How helpful the Phoenix Chicken title was for the listener I wouldn’t have liked to have guessed at in general – perhaps some contextual reference of which I remained blissfully aware! To me the piece seemed to deal with different kinds of rhythmic complexities and tensions, building them up through interaction and then dissipating them, the recorder augmenting the textures with various kinds of bird calls, gurgling  and chuckling, as if pursuing a kind of separate internal rhythmic pulse. The koto mused over melodic figures in a cimbalon-like way, varying the figurations beautifully with strummed chords augmented by interjections from the shō, a texture through which the recorder lurched and strutted like some kind of living creature, the music’s last few measures resembling some kind of poultrified climax!

Birds of a different kind of feather then glided gently into our ambient sensibilities with the magically-distanced beginning of the folk-inspired Tsuru no Sugomori (“Nesting of Cranes”), Tosiya Suzuki here exchanging his hookah-like contraption for a recorder about the size of a clarinet. He used this new instrument to convey at once a sense of the spaces into which the birds flew to build their nests, via graceful phrasings and resonant tonguings. The music introduced new calls throughout, including one sounding uncannily to my ears like a quote from Sibelius’s “The Swan of Tuonela”, amid the diametrically different surroundings of the Japanese piece.

A similar kind of spatial experience using a very different harmonic language was provided by Samuel Holloway’s Mono, the music beginning with what seemed like a tentative exploration of a scale and octave, the instruments making their unisons and individual notes like depth-soundings in reverse, pushing gently upwards and outwards as if creating spaces in a void, energizing the inert spaces where there was nothing except the will to receive and to be impregnated with impulses. After establishing some kind of acoustic domain, and pausing to consider how best to proceed, the music then tried some semitone ascents, involving slow repetition of single notes before moving upwards, a fascinating/frustrating/despairing process of laying bare that which silence had hitherto concealed – almost like Michelangelo’s famous slaves slowly emerging from the raw marble, frozen with tremulous wonderment at having been given their freedom in any degree or part.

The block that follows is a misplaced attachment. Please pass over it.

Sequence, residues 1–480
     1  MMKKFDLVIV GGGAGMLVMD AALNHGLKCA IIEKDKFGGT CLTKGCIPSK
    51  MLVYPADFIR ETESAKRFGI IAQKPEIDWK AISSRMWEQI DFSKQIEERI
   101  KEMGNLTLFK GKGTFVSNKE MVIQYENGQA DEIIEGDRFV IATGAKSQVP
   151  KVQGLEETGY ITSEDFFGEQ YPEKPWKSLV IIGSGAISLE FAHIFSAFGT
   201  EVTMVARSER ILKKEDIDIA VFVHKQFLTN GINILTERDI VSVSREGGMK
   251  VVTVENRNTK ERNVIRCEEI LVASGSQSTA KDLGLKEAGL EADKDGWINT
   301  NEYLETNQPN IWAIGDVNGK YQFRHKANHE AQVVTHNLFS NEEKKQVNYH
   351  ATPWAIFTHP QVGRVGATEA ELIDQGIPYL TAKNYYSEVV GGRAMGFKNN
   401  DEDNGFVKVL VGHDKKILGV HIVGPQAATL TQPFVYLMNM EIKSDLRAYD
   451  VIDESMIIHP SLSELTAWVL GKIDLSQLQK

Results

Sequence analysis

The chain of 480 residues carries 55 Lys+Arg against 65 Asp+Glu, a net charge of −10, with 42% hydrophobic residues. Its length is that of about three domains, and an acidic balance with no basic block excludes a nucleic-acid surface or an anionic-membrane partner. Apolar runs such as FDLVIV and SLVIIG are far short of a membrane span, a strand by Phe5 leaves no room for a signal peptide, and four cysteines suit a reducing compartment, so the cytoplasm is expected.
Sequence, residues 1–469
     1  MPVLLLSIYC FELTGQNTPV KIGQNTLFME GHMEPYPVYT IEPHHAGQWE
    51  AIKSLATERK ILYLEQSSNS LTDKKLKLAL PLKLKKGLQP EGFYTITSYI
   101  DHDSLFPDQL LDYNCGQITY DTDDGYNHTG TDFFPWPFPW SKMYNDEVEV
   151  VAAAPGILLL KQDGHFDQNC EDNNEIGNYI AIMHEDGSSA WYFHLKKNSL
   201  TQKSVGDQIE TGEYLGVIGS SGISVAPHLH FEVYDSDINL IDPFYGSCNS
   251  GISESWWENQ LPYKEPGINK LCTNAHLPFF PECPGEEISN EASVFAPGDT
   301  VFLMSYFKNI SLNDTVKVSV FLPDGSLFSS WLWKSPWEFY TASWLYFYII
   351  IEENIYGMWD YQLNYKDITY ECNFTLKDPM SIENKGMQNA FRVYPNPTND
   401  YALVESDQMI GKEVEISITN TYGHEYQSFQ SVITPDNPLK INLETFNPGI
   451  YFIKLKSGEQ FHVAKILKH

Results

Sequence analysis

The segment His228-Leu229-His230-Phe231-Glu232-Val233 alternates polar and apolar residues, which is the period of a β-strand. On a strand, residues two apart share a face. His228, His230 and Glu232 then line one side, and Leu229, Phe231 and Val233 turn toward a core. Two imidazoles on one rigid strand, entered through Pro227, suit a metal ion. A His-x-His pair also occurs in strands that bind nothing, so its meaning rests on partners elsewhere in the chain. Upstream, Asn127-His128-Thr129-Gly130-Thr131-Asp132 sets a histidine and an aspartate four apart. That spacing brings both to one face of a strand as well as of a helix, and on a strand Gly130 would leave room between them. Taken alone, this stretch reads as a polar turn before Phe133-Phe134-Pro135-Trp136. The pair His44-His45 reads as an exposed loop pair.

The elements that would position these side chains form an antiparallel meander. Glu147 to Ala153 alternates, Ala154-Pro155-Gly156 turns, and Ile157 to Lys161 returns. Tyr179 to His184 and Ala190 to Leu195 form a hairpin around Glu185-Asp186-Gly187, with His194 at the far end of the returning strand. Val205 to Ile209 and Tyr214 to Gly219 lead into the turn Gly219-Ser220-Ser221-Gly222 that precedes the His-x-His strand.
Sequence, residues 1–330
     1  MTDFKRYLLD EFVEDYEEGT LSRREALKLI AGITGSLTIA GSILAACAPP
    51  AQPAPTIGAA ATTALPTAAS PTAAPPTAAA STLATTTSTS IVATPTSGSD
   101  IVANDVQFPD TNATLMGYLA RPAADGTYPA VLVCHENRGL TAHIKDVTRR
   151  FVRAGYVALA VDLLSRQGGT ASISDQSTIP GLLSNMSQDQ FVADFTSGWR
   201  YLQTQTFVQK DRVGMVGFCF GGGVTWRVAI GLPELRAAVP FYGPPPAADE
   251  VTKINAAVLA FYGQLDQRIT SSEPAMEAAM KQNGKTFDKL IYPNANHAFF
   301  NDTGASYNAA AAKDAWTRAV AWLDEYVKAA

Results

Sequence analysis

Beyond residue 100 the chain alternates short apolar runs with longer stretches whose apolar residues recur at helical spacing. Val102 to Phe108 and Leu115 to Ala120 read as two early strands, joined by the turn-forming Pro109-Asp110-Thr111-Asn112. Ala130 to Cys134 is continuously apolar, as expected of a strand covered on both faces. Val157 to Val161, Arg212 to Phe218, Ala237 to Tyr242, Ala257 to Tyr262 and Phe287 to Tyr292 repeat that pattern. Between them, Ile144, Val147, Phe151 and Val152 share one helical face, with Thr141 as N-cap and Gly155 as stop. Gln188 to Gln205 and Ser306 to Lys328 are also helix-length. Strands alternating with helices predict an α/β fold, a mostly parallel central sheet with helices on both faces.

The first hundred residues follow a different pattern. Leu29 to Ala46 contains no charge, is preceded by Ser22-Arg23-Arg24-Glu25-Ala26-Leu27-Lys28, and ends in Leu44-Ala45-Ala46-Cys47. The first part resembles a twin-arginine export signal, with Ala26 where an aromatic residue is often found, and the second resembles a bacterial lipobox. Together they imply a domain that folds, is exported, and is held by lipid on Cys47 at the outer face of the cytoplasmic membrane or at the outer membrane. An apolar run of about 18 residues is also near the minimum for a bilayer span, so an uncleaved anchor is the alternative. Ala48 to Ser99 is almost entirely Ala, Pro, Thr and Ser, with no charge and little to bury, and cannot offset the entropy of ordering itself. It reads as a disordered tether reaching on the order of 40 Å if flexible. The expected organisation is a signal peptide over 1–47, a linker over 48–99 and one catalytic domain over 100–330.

Toshio Hosokawa used just two instruments to express his work Bird Fragments IIIb, the shō paired with the recorder, enough to evocatively set ground-fowls against a high-fliers! The ethereal tones of the shō at the outset conjured up images of elegance and graceful beauty, until the entry of the recorder’s timbres brought an angular, at times raucous presence to the sound-picture. This intensified with the introduction of a smaller recorder, capable of the most ear-splitting squeals, until the tones of the shō finally prevailed and order of sorts was restored.

With a third traditional piece, Chidori no Kyoku, Nanae Yoshimura demonstrated to us the expressive qualities of the solo koto, a kind of Oriental dulcimer, capable of conveying a vast array of tones, timbres and colours. I was pleasantly surprised to find the piece was actually a song, which Nanae Yoshimura delivered with pleasantly plangent tones, at first activating her instrument with a brief introduction containing a flourish and a short but dignified processional sequence before beginning to sing. The music gave an impression of great depth of melancholy, the player varying the vocal line with the occasional tremolando effect, before breaking into a quicker dance tempo – one might have interpreted the sliding figure at the end as a dry death-rattle or else a strengthening of resolve to dispense with the song and go on throughout life, taking it as it comes.

It was left to Dylan Lardelli and his beautiful work, Retracing, for the ensemble plus a guitar (played by the composer) to conclude the evening’s music. At the beginning the recorder (here, played as if it were a transverse flute) and then the shō breathed on the wind to one another, the guitar adding its voice with a few low notes as the “dialogue of winds”  grew in intensity, before being joined by the softly-strumming koto. Occasionally the recorder and shō made attention-grabbing sounds, goading the guitar and koto into a response, and animating the discourse, a dynamic which all too soon reverted to those half-lit ambiences of the opening. Particularly beautiful were the guitar’s pin-pricks of light gently punctuating the firmament of sound, everything generating a sense of emotion recollected in tranquility.

Was it a kind of re-exploration of youthful impulses? – the gently pulsating sounds seemed to re-evoke memories, but at the same time surrender them to the inexorable tread of time – it was all, at once, beautiful and desolate. Still, one wouldn’t have wanted the afternoon’s music-making to end otherwise, as the musical worlds we were taken into were, for the most part, of such a delicate and fragile nature. In fact they demonstrated something we need to be reminded of occasionally, in this frantic, insistent world we’ve created for ourselves, that simplicity and understatement have a power and resonance all of their own to refresh and renew our human spirits.